Supply Chain Article

David Hart’s picture

By: David Hart

Climate plans are the order of the day in the presidential primary campaign because carbon pollution is a global threat of unique proportions. But it’s worth asking whether candidates’ plans are based in the reality of the climate, the economy, and the election.

All three dimensions must come together for any climate plan to achieve its goals—and this is especially true when the subject is electric vehicles (EVs). There is no point in putting forward an EV plan that is so aggressive that it cannot be implemented even under the most auspicious economic circumstances. Nor is there a point in advancing an EV plan that would not yield significant climate benefits. And, if such a plan might hurt a candidate’s chances in the election, it would be worse than pointless.

Following the lead of Governor Jay Inslee, who dropped out of the race earlier this fall, Senators Cory Booker, Bernie Sanders, and Elizabeth Warren said they would require all passenger cars sold in the United States to be zero-emissions by 2030, while Senator Kamala Harris and Mayor Pete Buttigieg set a 2035 deadline.

Thomas R. Cutler’s picture

By: Thomas R. Cutler

Quality control and inventory control are equally important to the ongoing success of all manufacturing businesses. Both form the basis of an efficient organization that operates at high productivity levels, minimizes waste, and delivers quality products to meet or exceed consumers’ expectations.

Until a about decade ago, there were layers of quality assurance and quality control steps before products reached the end user. Along with production controls, these steps included quality controls related to warehouse operations, logistics, and inventory verification at retail stores, in order to double-check product quality and order fulfilment accuracy.

Today, more than a million small manufacturers worldwide have forgone any retail sales in favor of a D2C (direct to consumer) model, cutting out warehouse operations and retail stores. The reason is simple: margins. A jewelry manufacturer, for example, selling a bracelet for $20 online, with hard costs of $2, can realize huge profit margins by eliminating the wholesale middleman. That same bracelet would have wholesaled to retailers for $8. But now, while product quality is still a customer expectation, consumers also expect quality delivery and customer service.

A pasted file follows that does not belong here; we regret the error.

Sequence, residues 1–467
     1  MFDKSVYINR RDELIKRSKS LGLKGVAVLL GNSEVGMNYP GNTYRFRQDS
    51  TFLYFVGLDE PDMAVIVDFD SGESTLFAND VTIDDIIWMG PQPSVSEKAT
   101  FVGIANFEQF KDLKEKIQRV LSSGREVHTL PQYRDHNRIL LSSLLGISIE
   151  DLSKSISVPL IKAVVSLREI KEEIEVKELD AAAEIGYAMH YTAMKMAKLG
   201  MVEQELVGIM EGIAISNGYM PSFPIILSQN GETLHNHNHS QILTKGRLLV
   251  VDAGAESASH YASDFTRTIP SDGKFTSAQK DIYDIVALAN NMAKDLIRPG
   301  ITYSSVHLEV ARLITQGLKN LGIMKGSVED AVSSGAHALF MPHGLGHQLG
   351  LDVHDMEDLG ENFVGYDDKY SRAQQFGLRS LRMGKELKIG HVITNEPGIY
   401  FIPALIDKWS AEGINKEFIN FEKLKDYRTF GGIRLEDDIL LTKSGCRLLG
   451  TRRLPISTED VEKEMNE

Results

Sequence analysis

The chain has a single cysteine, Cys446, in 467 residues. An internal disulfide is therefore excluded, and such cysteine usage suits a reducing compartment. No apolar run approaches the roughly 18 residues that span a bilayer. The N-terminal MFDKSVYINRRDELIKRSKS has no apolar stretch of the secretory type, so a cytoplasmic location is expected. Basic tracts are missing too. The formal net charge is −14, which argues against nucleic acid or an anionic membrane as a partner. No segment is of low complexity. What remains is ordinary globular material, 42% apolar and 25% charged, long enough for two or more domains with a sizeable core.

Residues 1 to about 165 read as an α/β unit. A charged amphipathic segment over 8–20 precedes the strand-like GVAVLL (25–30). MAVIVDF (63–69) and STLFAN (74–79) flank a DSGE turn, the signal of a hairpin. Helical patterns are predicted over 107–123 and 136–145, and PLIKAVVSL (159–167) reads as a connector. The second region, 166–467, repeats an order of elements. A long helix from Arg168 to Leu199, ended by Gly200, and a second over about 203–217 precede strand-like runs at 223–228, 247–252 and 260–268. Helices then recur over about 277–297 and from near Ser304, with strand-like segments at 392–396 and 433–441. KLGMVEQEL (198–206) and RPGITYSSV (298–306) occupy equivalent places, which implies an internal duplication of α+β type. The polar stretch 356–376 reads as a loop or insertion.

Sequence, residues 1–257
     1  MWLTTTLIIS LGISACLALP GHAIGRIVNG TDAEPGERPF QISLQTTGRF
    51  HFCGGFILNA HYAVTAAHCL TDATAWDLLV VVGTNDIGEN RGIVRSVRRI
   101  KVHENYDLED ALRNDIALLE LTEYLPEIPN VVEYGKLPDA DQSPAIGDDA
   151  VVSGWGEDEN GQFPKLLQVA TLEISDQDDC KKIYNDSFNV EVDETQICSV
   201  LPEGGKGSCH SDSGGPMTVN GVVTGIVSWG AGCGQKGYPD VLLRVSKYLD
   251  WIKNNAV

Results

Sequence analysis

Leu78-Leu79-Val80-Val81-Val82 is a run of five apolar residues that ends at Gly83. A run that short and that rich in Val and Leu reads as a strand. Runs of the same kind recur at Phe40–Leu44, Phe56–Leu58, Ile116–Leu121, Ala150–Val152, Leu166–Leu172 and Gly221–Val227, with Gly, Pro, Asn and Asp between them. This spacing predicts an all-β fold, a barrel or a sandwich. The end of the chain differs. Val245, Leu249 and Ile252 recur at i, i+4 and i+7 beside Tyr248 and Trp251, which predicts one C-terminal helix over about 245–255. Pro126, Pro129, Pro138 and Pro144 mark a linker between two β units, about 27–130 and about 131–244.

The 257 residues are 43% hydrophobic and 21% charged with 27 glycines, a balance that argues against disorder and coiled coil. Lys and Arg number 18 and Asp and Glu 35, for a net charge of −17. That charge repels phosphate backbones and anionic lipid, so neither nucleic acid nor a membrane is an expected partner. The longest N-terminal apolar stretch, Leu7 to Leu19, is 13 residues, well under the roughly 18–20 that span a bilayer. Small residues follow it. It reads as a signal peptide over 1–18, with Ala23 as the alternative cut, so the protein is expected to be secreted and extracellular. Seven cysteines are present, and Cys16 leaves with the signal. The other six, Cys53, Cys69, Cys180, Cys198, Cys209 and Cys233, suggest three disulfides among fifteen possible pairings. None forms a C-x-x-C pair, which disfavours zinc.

Larry Emond’s picture

By: Larry Emond

No matter where you’re located, you might think that Schneider Electric is a native company. It’s an easy assumption to make. The €25.7-billion energy, automation, and software solutions company is officially headquartered in France, but its strategy is to localize to the markets it’s in—and it’s in most of them.

Schneider’s localization strategy requires distributed leadership, so the company spreads its top 1,000 leadership roles around the world. Leaders stay in situ for years, which keeps culture universal and decision-making decentralized. This allows for precision responses in differentiated business ecosystems and attracts talent where it lives.

That helps Schneider Electric weather economic storms that drive competitors out of the market, but being the most local of global companies requires leaders who prize diversity and want to become local experts of the whole world—and Schneider’s chief human resources officer (CHRO) Olivier Blum says it’s a strategy that others may have to adopt. As he explains to Gallup’s managing partner Larry Emond in the following conversation, “People don’t want to work in the old model where all decisions have to go back to the global corporate. So localization? Companies really have no other choice.”

Dileep Thatte’s picture

By: Dileep Thatte

According to information from the Centers for Disease Control and Prevention (CDC), every year 48 million people in the United States get sick, 128,000 are hospitalized, and 3,000 die from foodborne diseases. That means one in six people in the United States get sick from contaminated food every 12 months. These statistics are important to take note of and address because the U.S. food supply also represents a huge economic asset, contributing almost $1 trillion to the national gross domestic product (GDP) each year.

William A. Levinson’s picture

By: William A. Levinson